Senior year is a busy time for students as they take standardized tests and apply to schools. It’s also an important time for students to think about the new demands of college and how to best cope with them.
As your child prepares to leave the nest, the following suggestions can help them build confidence, self-discipline and independence that will serve them well and help lessen triggers that could cause mental unrest.
“Encouraging students to do their own laundry, wash their own dishes and keep their room as they wish helps them begin learning life skills while you’re still there to help and assist,” counsels expert Kryss Shane. “Rather than stepping in when they make a wrong choice, let them decide whether they will come to you and ask for help.”
Students may be used to having a few chores per week, but parents may want to consider ramping these up during senior year to give their child a sense of the increased responsibilities they’ll face at college. This exercise also helps them build time management skills and instills self-discipline.
No matter how great a student your child has been in high school, the reality is that their work load is going to increase dramatically once they enter college. The expectations of professors will be higher, and students will need to spend more than an hour each night completing homework assignments, writing papers and studying for exams. Building good study skills during senior year sets students up for success and helps them manage things like stress more effectively so it doesn’t bleed into other parts of their lives.
College can be a busy, stressful time for all students, regardless of extenuating mental health concerns. One of the best ways to combat stress and all the other negative concerns that come from this season of life is to develop good life practices.
The University Health Service program at University of Michigan offers several ideas, including helping students learn to value themselves, take care of their bodies, surround themselves with good friends, meditate, avoid excessive alcohol and all drugs and learn how to set realistic goals.
Rather than waiting to get to college to use services available at school, encourage students to familiarize themselves with them while still in high school. Professionals like guidance counselors and mental health specialists can help students balance their lives, while student groups and organizations can help break down the stigma of depression and/or suicidal thoughts.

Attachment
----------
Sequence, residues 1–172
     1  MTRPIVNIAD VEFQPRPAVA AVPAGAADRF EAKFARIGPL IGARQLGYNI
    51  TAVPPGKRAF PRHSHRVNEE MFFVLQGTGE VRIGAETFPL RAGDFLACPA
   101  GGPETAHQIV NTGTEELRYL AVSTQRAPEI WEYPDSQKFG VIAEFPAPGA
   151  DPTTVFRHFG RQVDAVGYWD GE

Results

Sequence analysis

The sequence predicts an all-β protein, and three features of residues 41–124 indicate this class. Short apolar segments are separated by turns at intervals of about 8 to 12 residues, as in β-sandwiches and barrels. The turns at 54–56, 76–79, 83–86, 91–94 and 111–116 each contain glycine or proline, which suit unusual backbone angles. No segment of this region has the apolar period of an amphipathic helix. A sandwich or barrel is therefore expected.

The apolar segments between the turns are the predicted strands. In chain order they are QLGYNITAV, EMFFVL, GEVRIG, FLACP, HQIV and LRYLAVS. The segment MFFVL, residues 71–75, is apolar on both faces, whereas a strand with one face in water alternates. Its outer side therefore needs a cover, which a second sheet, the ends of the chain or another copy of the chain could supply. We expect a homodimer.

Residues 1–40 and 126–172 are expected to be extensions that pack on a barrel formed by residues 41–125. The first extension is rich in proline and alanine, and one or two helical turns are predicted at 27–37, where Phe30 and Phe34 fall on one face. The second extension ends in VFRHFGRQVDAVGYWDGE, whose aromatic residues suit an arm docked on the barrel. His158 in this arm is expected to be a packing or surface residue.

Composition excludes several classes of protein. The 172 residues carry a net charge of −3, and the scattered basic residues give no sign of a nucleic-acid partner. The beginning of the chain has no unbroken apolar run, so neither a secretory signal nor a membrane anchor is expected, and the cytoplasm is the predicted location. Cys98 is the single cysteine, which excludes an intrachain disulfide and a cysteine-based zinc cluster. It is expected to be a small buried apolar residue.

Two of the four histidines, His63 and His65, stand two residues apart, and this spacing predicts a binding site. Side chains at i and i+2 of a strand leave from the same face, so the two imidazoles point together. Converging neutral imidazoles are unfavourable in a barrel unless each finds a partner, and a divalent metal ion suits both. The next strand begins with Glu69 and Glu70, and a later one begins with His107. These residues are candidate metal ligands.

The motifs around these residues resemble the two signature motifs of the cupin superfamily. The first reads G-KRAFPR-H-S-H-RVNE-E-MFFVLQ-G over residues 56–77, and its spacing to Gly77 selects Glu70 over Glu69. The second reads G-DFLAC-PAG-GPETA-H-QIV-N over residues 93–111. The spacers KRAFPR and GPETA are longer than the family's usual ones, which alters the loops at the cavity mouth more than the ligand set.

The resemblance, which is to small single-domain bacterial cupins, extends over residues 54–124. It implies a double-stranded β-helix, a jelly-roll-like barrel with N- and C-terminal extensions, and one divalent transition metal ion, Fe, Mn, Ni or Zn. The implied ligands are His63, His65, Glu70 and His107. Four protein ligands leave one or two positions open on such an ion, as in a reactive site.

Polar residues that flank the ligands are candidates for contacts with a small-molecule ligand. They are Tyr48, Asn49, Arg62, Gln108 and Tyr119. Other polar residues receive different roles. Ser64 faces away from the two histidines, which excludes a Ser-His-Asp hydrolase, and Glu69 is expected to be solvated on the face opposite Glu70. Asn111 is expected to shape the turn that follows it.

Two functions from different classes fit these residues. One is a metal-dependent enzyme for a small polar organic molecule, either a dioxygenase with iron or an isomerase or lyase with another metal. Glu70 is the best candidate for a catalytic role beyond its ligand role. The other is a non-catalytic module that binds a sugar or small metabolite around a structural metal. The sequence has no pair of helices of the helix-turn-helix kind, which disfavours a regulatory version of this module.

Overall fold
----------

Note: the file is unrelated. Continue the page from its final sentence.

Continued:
After putting in the necessary prep work during your child’s final year of high school, the next crucial step is to plan for the realities of college. While attending higher education is often one of the most exciting times in a student’s life, living away from family for the first time and meeting the more demanding expectations of postsecondary schooling can also take its toll.
For students who suffer from seasonal affective disorder (SAD), the first semester can also be a trying time. It’s important to ensure that students are prepared for the emotions they may experience their first few months on campus and know where to turn if they need help.
Mental health advocate and suicide survivor T-Kea Blackman suggests that parents work with their child’s chosen school to find a qualified therapist even before the student sets foot on campus.
“Lots of therapists are accessible via video chat, so students can have a few video sessions to determine that it is a good match if the school isn’t close to home.” Blackman continues, “This will save the child a lot of stress of having to find a therapist on their own, while also adjusting to all the other changes brought about by college.”
“Parents should make sure students have their insurance cards, a list of contact information for their doctors and details about their treatment plans, and any other documentation that will be needed for students to find new doctors and mental health professionals in their new city,” says Blackman.
If your child is regularly taking medication to combat depression, anxiety or any other mental health issues, it’s important to ensure you have a plan in place for how they will access prescription refills before they move to college. If the college they’ll be attending is close to home, it may be possible for them to continue seeing their regular doctor. Otherwise, they’ll likely need to find a new doctor.